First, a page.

The Nursing Student Organization hosted author, food coach and speaker Karen Ranzi on Feb. 2 in Friends Hall. Ranzi offered students her ideas and advice on healthy eating habits in college.
Ranzi has written several books on vegan eating, parenting and teaching kids healthier eating habits. In addition to her writing, she coaches families with children on the autism spectrum. Ranzi was able to cure her 3-year-old son from asthma, chronic ear infections and allergies through diet and lifestyle changes. Ranzi’s mission since then has been to educate audiences on the benefits of the raw food lifestyle and attachment parenting.
“College cafeterias are filled with processed and refined foods and animal foods, all of which are high in saturated fat and cholesterol. This leads to many of the degenerative diseases that we see in today’s Western societies,” Ranzi said.
Ranzi says that as a society, we need to move to a diet and lifestyle based on plant foods. According to Ranzi, these foods contain the necessary fiber humans need for proper digestion, the nutrients required to sustain healthy living and sufficient protein for all of our needs. Ranzi stressed that it is important to understand that protein is available in all plant foods, especially in “leafy green vegetables.”
“The largest animals in nature are plant eaters, and they are the biggest, most muscular animals, like the elephant, giraffe, horse, bison and more. They all get plenty of protein from plants, and so do we as humans as we are designed to eat plants,” Ranzi explained.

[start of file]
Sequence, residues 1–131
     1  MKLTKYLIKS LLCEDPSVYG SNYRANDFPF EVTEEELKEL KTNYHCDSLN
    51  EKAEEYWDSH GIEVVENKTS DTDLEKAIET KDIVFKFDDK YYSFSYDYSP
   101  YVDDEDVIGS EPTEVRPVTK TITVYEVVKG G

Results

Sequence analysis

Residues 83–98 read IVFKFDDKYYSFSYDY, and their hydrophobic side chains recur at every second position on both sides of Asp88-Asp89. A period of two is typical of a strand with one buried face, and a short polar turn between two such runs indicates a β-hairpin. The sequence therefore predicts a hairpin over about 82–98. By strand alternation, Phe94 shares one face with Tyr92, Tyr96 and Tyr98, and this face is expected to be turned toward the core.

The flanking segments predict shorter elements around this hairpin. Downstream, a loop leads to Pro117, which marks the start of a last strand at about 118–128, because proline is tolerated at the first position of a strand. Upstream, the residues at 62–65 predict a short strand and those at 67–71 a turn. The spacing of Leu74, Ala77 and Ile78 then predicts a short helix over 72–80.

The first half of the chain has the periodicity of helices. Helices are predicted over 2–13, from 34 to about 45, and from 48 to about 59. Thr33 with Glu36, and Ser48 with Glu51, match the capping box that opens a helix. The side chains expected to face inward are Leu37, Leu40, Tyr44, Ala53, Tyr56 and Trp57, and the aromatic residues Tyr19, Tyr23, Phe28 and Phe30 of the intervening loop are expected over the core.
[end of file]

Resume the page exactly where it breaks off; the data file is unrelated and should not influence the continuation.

Ranzi also addressed the changes that college campuses nationwide would need to make to become healthier. She wants to see vending machines eliminated or changed to healthy snacks as well as large salad bars with fresh fruits and vegetables. These changes could potentially give students more energy throughout the day, better concentration and more phytonutrients to keep them healthy throughout the year. Ranzi added that she also would like to see classes on the benefits of healthy plant-based nutrition being taught on every college campus.
Ranzi believes that these changes are possible on college campuses if people are educated on successful plant-based lifestyles so they can gradually make changes to eliminate saturated fats and chemically processed and refined foods in their own lives.
The audience had mixed feelings on how feasible these changes would be.
“While I doubt that most college students would be OK with never eating processed foods again, I think adding more healthy choices in the vending machines and cafeteria would be a good idea for reducing things like the national obesity levels, " Amy Grimm, junior, commented. "Eliminating junk food altogether is a tad bit unrealistic."
On the other hand, Lauren Santaniello, a Ramapo alumna at the event, felt that the changes Ranzi spoke of were both realistic and attainable.
“A lot of people will think these changes are unrealistic just because of how attached and addicted they already are to fast food and other junk food products,” Santaniello said in an interview Sunday. “Once people realize that you can in fact live without eating those kinds of things, I think making these changes will be easier.”